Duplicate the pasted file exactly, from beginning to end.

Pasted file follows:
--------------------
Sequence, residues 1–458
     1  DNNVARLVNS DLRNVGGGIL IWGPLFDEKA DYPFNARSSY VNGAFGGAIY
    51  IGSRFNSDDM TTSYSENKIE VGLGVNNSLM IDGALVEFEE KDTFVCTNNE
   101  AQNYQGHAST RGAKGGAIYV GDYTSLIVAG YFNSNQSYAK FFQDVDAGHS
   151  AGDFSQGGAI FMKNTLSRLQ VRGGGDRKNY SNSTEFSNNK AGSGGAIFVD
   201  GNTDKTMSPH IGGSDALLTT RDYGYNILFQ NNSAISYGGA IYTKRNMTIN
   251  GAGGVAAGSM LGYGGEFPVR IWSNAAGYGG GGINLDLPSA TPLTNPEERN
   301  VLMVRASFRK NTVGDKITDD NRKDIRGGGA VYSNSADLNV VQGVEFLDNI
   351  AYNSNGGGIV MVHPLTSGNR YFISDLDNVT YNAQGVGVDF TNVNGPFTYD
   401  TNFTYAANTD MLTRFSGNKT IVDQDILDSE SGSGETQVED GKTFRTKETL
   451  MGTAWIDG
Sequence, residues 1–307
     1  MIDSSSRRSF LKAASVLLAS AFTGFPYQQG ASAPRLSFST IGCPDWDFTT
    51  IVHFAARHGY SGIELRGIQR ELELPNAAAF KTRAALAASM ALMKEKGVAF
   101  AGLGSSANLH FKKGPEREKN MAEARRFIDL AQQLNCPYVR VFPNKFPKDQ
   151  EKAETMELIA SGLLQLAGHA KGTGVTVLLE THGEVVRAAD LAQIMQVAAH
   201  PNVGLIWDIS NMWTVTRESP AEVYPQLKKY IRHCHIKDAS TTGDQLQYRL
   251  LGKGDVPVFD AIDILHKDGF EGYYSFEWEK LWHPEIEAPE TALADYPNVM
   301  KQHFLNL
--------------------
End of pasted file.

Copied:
Sequence, residues 1–458
     1  DNNVARLVNS DLRNVGGGIL IWGPLFDEKA DYPFNARSSY VNGAFGGAIY
    51  IGSRFNSDDM TTSYSENKIE VGLGVNNSLM IDGALVEFEE KDTFVCTNNE
   101  AQNYQGHAST RGAKGGAIYV GDYTSLIVAG YFNSNQSYAK FFQDVDAGHS
   151  AGDFSQGGAI FMKNTLSRLQ VRGGGDRKNY SNSTEFSNNK AGSGGAIFVD
   201  GNTDKTMSPH IGGSDALLTT RDYGYNILFQ NNSAISYGGA IYTKRNMTIN
   251  GAGGVAAGSM LGYGGEFPVR IWSNAAGYGG GGINLDLPSA TPLTNPEERN
   301  VLMVRASFRK NTVGDKITDD NRKDIRGGGA VYSNSADLNV VQGVEFLDNI
   351  AYNSNGGGIV MVHPLTSGNR YFISDLDNVT YNAQGVGVDF TNVNGPFTYD
   401  TNFTYAANTD MLTRFSGNKT IVDQDILDSE SGSGETQVED GKTFRTKETL
   451  MGTAWIDG
Sequence, residues 1–307
     1  MIDSSSRRSF LKAASVLLAS AFTGFPYQQG ASAPRLSFST IGCPDWDFTT
    51  IVHFAARHGY SGIELRGIQR ELELPNAAAF KTRAALAASM ALMKEKGVAF
   101  AGLGSSANLH FKKGPEREKN MAEARRFIDL AQQLNCPYVR VFPNKFPKDQ
   151  EKAETMELIA SGLLQLAGHA KGTGVTVLLE THGEVVRAAD LAQIMQVAAH
   201  PNVGLIWDIS NMWTVTRESP AEVYPQLKKY IRHCHIKDAS TTGDQLQYRL
   251  LGKGDVPVFD AIDILHKDGF EGYYSFEWEK LWHPEIEAPE TALADYPNVM
   301  KQHFLNL